# An example where granular resolution based on setting => situation didn't work

#### soviet

##### Hero
A technique I use to make stealth rolls more exciting is to defer the roll until the moment of truth. So we don't have the hobbits make a stealth check when they duck behind the tree at the sound of an approaching rider. No, we have them make a stealth check when that rider is stood nearby sniffing around. We assume the PCs have done the best they can but it won't be tested until the enemy makes their opposing perception check.

#### FrogReaver

##### As long as i get to be the frog
Where do 1, 2 and 3 come from? There's no rule in Rolemaster that establishes them. RM has rules for random encounters, but they don't say any of these things.
The DM. You established the Paynim were there (unsure whether by Fiat or Process but it really doesn’t matter.). I’ll assume you rolled for a random encounter

As you keep on noting - Establishing they are there is simply not enough. You stop there and say see the rules don’t work, we keep wondering why you arbitrarily stop at establishing they are there without also establishing why - which would have prevented the issue you are raising.

Furthermore, how do we know if the PCs successfully hide? How is this determined? Canonically in RM it involves comparing rolls using (say) Camouflage and (say) Locate Hidden. What roll is made for the latter? How close does a given nomad with a given Locate Hidden bonus pass to the camouflaged area (that distance affects the Locate Hidden roll)?

Etc.
Once you know why they are there you can then determine how close they likely get - worst case scenario you use some kind of a fortune roll to determine that for you.

Last edited:

#### FrogReaver

##### As long as i get to be the frog
A technique I use to make stealth rolls more exciting is to defer the roll until the moment of truth. So we don't have the hobbits make a stealth check when they duck behind the tree at the sound of an approaching rider. No, we have them make a stealth check when that rider is stood nearby sniffing around. We assume the PCs have done the best they can but it won't be tested until the enemy makes their opposing perception check.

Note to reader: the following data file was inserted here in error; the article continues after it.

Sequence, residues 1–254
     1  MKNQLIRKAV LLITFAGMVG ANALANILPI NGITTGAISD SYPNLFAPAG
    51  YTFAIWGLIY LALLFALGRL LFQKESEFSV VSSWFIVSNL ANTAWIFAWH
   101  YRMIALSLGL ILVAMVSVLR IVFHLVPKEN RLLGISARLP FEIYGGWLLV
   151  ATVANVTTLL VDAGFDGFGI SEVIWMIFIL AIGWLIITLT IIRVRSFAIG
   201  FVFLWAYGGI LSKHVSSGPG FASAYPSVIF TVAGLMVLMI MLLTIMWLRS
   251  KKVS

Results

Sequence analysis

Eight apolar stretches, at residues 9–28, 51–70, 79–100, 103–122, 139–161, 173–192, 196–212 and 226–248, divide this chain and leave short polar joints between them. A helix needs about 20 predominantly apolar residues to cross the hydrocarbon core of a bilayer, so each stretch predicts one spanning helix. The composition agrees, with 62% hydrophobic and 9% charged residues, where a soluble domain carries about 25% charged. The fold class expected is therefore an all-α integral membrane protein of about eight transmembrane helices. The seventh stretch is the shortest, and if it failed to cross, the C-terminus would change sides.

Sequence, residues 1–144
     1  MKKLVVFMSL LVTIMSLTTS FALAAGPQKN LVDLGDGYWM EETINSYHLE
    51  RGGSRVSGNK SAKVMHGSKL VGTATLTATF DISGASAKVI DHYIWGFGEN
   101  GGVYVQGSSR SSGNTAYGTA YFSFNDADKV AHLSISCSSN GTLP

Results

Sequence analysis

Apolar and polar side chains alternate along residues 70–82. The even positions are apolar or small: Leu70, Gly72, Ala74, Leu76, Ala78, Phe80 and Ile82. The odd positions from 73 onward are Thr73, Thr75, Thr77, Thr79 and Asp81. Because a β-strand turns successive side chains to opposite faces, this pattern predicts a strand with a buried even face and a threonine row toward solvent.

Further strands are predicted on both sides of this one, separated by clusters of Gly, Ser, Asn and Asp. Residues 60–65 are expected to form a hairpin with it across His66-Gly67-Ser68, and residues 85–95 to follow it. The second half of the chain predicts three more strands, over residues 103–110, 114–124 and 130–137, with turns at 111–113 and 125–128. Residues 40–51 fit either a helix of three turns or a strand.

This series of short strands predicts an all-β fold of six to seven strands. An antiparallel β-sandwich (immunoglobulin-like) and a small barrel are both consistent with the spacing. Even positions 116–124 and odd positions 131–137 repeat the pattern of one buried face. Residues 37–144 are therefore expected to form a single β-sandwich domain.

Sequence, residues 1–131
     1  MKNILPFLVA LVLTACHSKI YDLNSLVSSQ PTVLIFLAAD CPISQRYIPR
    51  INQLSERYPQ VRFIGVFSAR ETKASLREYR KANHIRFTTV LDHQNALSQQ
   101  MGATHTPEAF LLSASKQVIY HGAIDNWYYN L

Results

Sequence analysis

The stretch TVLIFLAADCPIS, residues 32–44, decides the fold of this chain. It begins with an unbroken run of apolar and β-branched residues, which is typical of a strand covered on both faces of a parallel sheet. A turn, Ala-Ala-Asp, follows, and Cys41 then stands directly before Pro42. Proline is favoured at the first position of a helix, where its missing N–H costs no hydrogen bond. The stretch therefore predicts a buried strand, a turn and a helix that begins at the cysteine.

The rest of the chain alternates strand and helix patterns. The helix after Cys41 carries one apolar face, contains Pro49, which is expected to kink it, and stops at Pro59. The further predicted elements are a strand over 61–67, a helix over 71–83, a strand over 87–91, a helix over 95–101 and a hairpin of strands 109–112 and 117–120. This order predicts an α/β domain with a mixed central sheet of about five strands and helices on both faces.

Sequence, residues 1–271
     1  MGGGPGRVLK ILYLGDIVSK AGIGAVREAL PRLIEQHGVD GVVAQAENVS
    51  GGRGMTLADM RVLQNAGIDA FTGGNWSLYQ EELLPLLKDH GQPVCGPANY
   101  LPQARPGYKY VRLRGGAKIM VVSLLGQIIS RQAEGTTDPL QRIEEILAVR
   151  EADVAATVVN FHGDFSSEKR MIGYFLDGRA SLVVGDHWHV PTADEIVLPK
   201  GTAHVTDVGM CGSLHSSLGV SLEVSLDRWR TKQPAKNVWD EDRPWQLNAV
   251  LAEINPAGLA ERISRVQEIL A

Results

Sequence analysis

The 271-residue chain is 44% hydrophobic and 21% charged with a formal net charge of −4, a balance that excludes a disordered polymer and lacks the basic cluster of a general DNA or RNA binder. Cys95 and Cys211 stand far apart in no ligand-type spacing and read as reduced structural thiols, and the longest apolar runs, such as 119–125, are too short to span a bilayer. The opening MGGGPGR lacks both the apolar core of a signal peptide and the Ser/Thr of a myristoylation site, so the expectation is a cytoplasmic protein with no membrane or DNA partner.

This is my preference as well.

#### AbdulAlhazred

##### Legend
well really the question is Why are the Paynim riders there?
1 Are the Paynim just a random encounter passing through? - well the PCs have dealt with that by hiding so Outcome: the Paynim just pass through
2 The Paynim know/suspect the PCs are there and came to investigate - Outcome; the Paynim investigate
3 The Paynim have come to the Standing Stones to camp Outcome: the PCs are trapped and need to escape
Yeah, I don't know exactly what game process, GM whim, preexisting notes, etc. produced "Paynim tribesmen arrive." I guess answer 1 is OK, but it isn't very satisfying to me. You have this charged situation, and Chekhov's Paynim show up, but then nothing happens... 2 seems to be exactly what happened, and illustrates the 'granular resolution didn't work' nature of the example. 3 is just 2 all over again, with perhaps less pressure.

I'm not sure what you are getting at. None of these seem to resolve in a useful way. Nor, barring some fiction in the original scenario setting this up, do we have any reason to pick one over another. Random dice will work of course, or a PbtA-like check where the GM is then obliged to add more fiction, etc.

#### AbdulAlhazred

##### Legend
Shouldn't those questions flow from the restraints and possibilites the fiction that is created as tasks are completed creates?
Yeah, IMHO it would flow from elements of the resolution process, I agree. SC process "Oh, you failed your first check, that's one failure, and oh by the way, there are at least 150 Paynims out there!" etc.

#### FrogReaver

##### As long as i get to be the frog
On a side note I find it mind boggling that RM being so granular doesn’t spell out how to stat out a random encounter with the Paynim.

Perhaps the system expect the GM to already have such factions stated out before introduced to the PCs.

In any case it should boil down to either
a) system establishes
b) dm prestablished before session
c) dm improvises during session.